WILLIAM N. JONES
Managing Editor of The AFRO-AMERICAN
William N. Jones, one of the most
active figures in Negro journalism today, i?
a native of South Carolina. Before gradu-
ating from the graded school of Spartan-
burg, he attended the Clennmons Episcopal
Mission School, and after a year in the
printing department of Tuskegee Institute,
he entered Benedict College, where he
graduated from the College Preparatory
and the College Departments, receiving the
degree of A. B.
Like most southern youths, Mr. Jones
has supported himself since he was 18 years
of age and worked his way through school.
During the last two years of his college
course he was a student teacher of printing
and directed the South Carolina Standard.
Although unassuming, he early demon-
strated capacity for potential leadership.
In school he was president of the Douglass
Debating Club, student manager of ath-
letics, for a while conducted the College
Band and "Mayor" of the school govern-
ment, a system of student government
which he helped to inaugurate at Benedict College and which had judicial and
legislative departments which completely controlled student life and taught self
After leaving Benedict he taught physics at Haines Institute, Augusta, Ga.,
and for two years was head of the science department of Bishop College, Marshall,
Texas, where he taught biology and conducted the work in chemistry and physics.
While teaching at Haines he became a protege of the late C. H. Turner and
helped him in his research work in biology, making studies upon which the
biologist wrote some of his pamphlets on ant life.
While doing summer work at the University of Chicago, Mr. Jones became
interested in social investigation and upon the suggestion of workers at Hull
House decided to enter this field. He gave up his place as head of the science
department at Bishop and took a job as chauffeur in Memphis as a beginning in
social service work.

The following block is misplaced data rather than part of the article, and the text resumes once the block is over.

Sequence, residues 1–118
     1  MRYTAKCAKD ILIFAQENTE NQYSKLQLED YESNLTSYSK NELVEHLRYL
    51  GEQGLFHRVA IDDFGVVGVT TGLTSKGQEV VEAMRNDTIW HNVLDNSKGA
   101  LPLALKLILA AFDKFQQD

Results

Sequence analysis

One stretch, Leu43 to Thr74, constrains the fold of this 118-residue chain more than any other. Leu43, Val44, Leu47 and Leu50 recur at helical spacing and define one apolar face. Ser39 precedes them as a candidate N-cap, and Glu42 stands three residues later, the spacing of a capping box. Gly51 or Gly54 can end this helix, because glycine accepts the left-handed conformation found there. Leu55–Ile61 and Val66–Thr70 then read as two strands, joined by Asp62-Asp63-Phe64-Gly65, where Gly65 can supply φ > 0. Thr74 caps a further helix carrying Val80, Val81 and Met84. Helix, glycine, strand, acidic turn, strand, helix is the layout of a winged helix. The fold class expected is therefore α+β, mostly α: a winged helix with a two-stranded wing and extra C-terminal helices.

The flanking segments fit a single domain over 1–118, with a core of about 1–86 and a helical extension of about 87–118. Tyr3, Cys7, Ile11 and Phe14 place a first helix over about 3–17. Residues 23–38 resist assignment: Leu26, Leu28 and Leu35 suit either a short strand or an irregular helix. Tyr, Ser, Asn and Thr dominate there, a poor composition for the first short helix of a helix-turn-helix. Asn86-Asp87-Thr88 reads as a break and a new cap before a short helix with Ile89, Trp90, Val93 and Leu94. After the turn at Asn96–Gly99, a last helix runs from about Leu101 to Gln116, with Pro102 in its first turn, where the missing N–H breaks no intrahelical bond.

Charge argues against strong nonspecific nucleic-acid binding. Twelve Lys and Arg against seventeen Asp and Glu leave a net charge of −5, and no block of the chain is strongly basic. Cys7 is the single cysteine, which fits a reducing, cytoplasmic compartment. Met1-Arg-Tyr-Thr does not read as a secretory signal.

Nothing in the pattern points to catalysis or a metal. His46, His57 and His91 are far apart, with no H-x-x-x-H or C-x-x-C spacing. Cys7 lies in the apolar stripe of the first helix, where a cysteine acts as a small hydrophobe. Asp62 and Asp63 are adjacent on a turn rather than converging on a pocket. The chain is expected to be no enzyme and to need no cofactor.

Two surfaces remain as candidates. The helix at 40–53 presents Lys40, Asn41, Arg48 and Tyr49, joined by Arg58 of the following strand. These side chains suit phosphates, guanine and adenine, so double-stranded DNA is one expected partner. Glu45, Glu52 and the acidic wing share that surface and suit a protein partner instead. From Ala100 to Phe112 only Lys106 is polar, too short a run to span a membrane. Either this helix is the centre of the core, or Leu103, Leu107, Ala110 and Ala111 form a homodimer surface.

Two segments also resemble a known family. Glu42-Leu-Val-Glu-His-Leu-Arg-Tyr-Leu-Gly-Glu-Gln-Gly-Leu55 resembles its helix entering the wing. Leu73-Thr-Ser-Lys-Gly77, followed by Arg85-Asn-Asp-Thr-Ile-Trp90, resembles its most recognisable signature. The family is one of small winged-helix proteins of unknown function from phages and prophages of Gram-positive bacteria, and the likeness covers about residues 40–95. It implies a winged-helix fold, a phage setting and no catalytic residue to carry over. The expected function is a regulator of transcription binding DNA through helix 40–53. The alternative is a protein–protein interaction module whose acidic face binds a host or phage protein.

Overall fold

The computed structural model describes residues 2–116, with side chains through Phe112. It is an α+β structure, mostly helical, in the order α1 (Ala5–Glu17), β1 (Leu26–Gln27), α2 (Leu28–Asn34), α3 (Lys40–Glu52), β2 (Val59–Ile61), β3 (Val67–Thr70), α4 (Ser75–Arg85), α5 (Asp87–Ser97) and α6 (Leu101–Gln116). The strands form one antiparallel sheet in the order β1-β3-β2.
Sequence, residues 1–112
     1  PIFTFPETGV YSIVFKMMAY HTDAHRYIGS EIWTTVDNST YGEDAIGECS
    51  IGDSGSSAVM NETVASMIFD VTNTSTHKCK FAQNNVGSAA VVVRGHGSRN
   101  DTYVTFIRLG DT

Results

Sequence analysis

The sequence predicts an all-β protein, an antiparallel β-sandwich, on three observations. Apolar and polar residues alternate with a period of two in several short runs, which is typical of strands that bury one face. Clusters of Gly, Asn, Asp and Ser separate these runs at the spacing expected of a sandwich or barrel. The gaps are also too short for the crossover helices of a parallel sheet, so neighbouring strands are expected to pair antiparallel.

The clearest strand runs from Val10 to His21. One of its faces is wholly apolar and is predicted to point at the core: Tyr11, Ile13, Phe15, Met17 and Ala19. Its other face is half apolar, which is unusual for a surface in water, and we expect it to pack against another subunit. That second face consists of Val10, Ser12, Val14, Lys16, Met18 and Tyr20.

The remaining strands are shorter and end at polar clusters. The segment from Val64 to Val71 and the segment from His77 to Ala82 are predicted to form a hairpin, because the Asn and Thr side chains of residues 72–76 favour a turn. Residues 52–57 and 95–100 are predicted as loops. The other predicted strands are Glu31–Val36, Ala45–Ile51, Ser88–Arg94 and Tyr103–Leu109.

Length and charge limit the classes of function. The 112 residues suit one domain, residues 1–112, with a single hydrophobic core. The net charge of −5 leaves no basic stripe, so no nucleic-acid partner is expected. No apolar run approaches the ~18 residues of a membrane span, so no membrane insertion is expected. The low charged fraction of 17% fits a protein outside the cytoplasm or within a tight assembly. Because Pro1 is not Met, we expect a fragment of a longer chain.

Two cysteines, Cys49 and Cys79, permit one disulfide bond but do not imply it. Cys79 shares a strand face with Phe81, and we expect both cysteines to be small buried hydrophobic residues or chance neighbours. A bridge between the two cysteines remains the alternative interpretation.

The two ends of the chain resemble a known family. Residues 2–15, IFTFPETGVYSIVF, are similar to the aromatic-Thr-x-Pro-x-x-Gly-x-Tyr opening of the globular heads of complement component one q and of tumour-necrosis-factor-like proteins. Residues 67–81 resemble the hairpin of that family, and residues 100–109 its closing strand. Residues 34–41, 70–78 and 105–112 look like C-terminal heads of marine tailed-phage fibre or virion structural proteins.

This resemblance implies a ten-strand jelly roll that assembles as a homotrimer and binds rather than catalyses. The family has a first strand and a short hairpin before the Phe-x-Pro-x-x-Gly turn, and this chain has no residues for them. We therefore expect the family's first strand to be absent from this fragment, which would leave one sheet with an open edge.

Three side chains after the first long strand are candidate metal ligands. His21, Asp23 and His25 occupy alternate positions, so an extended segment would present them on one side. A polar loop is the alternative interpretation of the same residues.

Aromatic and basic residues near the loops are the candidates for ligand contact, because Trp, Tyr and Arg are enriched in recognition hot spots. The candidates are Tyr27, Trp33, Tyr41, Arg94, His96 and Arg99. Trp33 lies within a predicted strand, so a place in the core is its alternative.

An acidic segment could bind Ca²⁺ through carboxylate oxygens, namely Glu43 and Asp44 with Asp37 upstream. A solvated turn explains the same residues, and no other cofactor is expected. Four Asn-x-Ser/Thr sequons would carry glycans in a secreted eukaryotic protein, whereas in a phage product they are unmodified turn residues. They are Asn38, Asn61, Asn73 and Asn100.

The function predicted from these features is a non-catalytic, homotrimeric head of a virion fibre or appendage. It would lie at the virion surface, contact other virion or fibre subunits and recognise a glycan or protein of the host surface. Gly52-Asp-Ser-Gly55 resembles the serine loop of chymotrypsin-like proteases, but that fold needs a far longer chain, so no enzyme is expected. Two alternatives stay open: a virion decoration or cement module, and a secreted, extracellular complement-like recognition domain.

Very soon he attracted the attention of Dr. George E. Haynes, then a
secretary of the National Urban League, who included his work in the Urban
In Memphis Mr. Jones developed the first municipal playground ever started
in the South and created the first position of Municipal Director of Social Survey
of Memphis. As Director oi Municipal Social Survey of Memphis, he had
charge of municipal recreation, band concerts, public dance halls, the City School
Department and branches of the city library, helped to develop the juvenile court
and the Woman's Protective Department, with a policewoman connected with
the police department.
He guided the recreation department to its purchase of the $85,000 central
auditorium and recreation park, formerly owned by Robert R. Church.
Down on the register of Benedict College in 1899, Jones wrote his life ob-
jective as that of journalist, and six years ago he left the social service field and
joined the staff of the Afro-American. Starting as court reporter, he was
promoted to City Editor and then to his present place as Managing Editor of
what has been adjudged America's best Negro journal.
Incidentally, since his connection with the Afro-American, Mr. Jones has
organized the first evening class in journalism ever conducted in a colored high
school. He is at present President of the Baltimore Century Club, affiliated with
the Baltimore Association of Commerce; Vice-President of the Baltimore Urban
League, a member of the Executive Committee of the N. A. A. C. P., a member
of the State Central Committee of the Progressive Party, a member of the Boy
Scout Council, and a member of the Association for the Handicapped.